Midnight Volcano is a buried extinct volcano near Midnight, Mississippi in southern Humphreys County. The volcano was last active in the Late Cretaceous period and is associated with the volcanic activity of the Monroe Uplift, which occurred around 80 million years ago. The Jackson Volcano, southeast of Midnight, was active around 10 million years later. Volcanic debris from Midnight or other volcanoes of the Monroe Uplift were found in the "Coffee sand," a Cretaceous sand layer to the north of the volcano.

Mississippi embayment

The Mississippi Embayment is a physiographic feature in the south-central United States, part of the Mississippi Alluvial Plain. It is essentially a northward continuation of the fluvial sediments of the Mississippi River Delta to its confluence with the Ohio River at Cairo, Illinois. The current sedimentary area was formed in the Cretaceous and early Cenozoic by the filling with sediment of a pre-existing basin. An explanation for the embayment's formation was put forward by Van Arsdale and Cox in 2007: movement of the earth's crust brought this region over a volcanic "hotspot" in the Earth's mantle causing an upthrust of magma which formed the Appalachian-Ouachita range. Subsequent erosion caused a deep trough that was flooded by the Gulf of Mexico and eventually filled with sediment from the Mississippi River.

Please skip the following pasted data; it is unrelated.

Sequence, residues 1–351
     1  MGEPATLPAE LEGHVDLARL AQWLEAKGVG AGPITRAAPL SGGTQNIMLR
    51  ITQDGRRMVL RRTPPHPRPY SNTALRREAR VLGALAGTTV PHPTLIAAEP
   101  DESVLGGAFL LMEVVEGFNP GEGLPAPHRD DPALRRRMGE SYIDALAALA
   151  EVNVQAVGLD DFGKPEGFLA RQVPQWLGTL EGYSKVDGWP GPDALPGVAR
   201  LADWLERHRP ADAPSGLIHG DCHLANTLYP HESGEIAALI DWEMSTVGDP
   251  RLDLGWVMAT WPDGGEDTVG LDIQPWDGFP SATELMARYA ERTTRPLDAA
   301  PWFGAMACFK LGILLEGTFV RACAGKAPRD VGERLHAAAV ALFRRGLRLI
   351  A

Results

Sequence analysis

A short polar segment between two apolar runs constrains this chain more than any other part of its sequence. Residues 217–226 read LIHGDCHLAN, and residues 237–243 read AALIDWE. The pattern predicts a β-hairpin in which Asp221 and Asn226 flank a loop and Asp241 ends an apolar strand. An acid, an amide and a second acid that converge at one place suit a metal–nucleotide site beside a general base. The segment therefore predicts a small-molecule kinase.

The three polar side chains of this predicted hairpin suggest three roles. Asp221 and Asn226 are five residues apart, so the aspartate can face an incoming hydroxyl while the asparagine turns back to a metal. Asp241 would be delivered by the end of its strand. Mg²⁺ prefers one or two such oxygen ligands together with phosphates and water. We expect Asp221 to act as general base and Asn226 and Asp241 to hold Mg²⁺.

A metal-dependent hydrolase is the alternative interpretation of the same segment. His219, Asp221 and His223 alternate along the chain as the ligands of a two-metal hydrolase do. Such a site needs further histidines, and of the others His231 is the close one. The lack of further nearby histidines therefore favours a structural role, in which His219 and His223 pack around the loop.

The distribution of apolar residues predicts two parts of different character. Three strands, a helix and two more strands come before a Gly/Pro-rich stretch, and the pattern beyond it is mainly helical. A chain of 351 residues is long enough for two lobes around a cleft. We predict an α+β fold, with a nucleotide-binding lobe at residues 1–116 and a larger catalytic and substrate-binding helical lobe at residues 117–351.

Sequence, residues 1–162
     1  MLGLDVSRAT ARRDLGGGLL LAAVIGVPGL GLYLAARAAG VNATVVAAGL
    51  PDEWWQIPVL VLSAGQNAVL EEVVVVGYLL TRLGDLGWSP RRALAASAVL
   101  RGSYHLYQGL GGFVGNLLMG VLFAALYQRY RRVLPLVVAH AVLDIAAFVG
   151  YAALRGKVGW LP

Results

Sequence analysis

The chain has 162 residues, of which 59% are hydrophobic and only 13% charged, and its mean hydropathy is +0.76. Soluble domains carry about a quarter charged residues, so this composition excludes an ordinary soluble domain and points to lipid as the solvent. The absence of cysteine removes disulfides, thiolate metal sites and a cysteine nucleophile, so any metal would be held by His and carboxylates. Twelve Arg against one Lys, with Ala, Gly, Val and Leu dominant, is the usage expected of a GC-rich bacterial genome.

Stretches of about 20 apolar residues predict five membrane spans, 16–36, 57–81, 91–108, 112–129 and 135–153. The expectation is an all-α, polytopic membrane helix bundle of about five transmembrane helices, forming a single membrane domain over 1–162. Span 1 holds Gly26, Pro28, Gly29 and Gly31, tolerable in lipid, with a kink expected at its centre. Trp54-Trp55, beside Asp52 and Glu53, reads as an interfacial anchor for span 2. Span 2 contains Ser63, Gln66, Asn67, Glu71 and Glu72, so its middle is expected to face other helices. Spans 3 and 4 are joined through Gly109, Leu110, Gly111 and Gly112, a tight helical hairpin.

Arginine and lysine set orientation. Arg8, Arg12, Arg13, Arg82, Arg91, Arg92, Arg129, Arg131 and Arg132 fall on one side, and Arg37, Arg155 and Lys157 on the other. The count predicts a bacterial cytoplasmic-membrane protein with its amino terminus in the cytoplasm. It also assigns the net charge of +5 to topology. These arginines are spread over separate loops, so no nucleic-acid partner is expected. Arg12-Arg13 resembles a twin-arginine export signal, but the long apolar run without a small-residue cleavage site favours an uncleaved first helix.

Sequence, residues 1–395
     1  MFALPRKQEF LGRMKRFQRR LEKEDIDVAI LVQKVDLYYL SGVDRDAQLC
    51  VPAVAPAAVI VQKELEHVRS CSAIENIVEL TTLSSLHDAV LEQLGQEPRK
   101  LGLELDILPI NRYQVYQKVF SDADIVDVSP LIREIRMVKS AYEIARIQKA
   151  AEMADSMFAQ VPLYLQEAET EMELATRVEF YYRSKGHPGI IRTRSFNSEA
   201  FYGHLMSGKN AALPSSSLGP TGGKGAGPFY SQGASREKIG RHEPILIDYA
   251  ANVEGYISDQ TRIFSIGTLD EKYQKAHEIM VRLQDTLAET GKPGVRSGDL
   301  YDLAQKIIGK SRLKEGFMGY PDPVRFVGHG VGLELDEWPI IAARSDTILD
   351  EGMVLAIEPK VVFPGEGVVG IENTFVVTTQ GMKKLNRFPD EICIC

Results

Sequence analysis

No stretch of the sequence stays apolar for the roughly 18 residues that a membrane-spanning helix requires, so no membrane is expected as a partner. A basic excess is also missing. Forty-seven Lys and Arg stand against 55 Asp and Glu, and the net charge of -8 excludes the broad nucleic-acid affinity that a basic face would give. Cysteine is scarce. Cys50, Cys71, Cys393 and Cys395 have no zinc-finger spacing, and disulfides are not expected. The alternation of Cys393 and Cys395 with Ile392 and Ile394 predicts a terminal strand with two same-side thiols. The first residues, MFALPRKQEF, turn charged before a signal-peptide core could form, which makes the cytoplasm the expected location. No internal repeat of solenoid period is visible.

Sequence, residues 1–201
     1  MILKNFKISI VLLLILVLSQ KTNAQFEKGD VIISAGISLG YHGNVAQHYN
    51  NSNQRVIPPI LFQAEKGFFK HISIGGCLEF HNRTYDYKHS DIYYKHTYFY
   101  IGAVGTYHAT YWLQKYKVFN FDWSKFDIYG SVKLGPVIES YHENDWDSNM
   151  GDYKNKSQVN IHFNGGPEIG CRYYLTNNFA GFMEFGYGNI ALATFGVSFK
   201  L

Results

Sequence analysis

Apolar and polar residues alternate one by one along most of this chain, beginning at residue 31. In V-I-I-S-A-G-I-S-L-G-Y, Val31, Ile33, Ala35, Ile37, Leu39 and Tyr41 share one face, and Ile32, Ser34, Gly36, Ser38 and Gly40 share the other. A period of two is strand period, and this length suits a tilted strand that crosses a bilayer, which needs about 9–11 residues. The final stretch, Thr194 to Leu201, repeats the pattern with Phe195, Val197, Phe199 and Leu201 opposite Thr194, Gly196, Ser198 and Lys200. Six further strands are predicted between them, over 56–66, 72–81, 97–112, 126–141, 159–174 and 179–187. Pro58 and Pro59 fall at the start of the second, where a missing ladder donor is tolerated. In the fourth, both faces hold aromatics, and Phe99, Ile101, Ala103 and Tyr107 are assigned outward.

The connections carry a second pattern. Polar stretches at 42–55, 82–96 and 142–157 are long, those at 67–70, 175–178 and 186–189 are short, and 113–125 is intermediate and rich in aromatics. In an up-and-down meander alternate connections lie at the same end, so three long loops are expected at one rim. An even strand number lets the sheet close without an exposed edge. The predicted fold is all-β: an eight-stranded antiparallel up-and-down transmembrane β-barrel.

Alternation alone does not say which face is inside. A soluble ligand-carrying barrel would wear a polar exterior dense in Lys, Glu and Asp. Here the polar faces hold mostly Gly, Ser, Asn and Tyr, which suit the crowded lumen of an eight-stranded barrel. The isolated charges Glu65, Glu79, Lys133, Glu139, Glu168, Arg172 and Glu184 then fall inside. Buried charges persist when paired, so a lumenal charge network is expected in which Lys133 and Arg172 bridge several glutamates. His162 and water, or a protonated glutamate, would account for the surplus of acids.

Olympic-Wallowa Lineament

The Olympic-Wallowa lineament (OWL) – first reported by cartographer Erwin Raisz in 1945 on a relief map of the continental United States – is a physiographic feature of unknown origin in the state of Washington (northwestern U.S.) running approximately from the town of Port Angeles, on the Olympic Peninsula to the Wallowa Mountains of eastern Oregon.